# Semantic Security and Equal Message Length in the Context of Public Key Cryptography

A lot of definitions for semantic security make use an experiment $\text{Exp}$ which is performed between a challenger $\mathcal{C}$ and an adversary $\mathcal{A}$ that begins as follows:

$\mathcal{C}$ generates a random key w.r.t. the considered cryptosystem and a given security parameter. $\mathcal{A}$ selects two messages $m_0$ and $m_1$ of the same bit length (i.e., $|m_0| = |m_1|$) and sends $m_0$ and $m_1$ to the adversary (and so on).

Now, assume that the considered cryptosystem is a public key cryptosystem. In $\text{Exp}$, $\mathcal{C}$ randomly chooses a public/private key pair $(sk,pk)$. Assume that the public key $pk$ is given to $\mathcal{A}$. Let $\mathbb{P}$ be the message space determined by $pk$.

The question is whether—for the given setting—$\text{Exp}$ remains valid if $\mathcal{A}$ chooses arbitrary plaintexts $m_0$, $m_1$ from $\mathbb{P}$ or, otherwise, is it still necessary that $|m_0| = |m_1|$ for $m_0,m_1 \in \mathbb{P}$ holds?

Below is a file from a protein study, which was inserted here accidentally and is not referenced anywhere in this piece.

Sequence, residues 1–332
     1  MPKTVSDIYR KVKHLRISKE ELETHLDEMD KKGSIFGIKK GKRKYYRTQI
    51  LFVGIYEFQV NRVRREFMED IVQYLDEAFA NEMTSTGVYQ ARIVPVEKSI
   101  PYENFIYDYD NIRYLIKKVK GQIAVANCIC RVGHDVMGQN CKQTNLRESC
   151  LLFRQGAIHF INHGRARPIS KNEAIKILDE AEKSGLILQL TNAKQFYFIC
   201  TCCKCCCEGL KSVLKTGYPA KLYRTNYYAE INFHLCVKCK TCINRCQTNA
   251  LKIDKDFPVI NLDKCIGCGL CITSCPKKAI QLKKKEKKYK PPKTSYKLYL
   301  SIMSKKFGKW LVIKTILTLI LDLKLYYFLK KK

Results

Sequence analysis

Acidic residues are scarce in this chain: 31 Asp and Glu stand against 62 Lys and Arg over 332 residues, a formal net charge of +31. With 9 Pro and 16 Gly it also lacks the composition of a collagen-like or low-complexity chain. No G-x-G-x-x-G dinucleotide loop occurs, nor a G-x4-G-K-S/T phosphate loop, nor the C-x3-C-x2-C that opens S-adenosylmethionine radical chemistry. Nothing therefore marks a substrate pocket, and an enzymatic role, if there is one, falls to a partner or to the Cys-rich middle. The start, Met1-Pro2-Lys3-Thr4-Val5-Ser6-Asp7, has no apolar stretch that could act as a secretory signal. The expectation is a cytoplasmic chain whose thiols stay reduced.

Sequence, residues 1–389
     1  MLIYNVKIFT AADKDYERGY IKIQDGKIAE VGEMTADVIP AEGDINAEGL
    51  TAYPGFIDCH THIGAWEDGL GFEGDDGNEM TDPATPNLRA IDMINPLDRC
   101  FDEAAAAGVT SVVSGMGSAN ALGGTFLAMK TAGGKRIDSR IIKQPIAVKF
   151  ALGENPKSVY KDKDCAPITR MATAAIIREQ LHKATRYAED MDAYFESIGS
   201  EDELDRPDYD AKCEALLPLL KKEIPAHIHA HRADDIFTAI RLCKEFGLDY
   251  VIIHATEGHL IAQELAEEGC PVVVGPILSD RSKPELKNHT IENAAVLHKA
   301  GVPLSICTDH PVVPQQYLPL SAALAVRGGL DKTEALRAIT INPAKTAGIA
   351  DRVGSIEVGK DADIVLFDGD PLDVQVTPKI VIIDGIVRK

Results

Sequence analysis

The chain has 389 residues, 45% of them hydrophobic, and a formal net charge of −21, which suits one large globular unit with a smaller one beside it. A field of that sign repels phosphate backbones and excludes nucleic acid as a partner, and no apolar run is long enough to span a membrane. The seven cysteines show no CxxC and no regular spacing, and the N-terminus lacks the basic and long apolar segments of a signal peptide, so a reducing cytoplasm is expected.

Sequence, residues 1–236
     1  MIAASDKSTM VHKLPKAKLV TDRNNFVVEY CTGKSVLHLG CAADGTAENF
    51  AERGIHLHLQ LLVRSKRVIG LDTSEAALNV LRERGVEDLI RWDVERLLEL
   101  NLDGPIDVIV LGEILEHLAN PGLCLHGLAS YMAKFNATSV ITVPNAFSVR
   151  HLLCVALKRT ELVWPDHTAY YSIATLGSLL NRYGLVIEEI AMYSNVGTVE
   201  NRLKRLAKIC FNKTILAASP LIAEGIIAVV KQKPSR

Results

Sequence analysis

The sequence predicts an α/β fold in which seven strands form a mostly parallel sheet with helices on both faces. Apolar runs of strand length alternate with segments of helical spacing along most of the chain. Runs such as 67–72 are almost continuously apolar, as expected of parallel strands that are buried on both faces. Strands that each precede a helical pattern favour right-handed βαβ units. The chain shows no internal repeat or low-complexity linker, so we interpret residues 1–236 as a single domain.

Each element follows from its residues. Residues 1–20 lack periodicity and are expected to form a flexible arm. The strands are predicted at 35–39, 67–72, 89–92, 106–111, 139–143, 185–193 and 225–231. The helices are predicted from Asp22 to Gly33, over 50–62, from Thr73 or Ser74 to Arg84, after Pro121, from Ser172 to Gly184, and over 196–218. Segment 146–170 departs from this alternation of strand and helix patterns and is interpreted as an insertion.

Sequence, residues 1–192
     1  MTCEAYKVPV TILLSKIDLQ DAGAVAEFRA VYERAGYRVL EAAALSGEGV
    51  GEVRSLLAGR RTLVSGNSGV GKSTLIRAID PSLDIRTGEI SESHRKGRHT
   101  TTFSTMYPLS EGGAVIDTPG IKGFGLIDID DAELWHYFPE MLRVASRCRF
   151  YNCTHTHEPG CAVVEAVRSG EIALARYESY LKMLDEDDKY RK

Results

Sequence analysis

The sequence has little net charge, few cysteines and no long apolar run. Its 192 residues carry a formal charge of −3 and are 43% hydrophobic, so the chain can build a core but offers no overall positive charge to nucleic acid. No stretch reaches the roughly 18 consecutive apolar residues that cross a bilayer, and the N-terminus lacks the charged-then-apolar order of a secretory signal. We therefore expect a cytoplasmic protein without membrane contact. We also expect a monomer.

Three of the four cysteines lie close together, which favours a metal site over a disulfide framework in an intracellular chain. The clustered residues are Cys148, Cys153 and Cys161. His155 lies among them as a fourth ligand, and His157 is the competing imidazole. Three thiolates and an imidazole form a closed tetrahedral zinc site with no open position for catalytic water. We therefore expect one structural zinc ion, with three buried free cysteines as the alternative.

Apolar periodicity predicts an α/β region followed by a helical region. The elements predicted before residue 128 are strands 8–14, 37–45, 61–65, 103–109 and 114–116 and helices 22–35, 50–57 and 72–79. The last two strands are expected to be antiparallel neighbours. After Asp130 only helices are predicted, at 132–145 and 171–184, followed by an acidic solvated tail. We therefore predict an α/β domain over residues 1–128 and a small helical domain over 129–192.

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Any messages from the plaintext space, bit lengths do not have to be the same. – mikeazo Oct 21 '15 at 12:51

In my question, I assumed that the lengths of the two plaintexts are restricted in that they are both chosen from $\mathbb{P}$ where $\mathbb{P}$ is fixed by $pk$. – Zalander Oct 21 '15 at 13:36
What is $P$, the plaintext space? Then it equals the set of all strings, unless you define encryption schemes differently than I do. – fkraiem Oct 21 '15 at 13:39
For a public key cryptosystem with a public modulus $n$, the plaintext space is defined as $\mathbb{P} := \mathbb{Z}_n$. – Zalander Oct 21 '15 at 13:49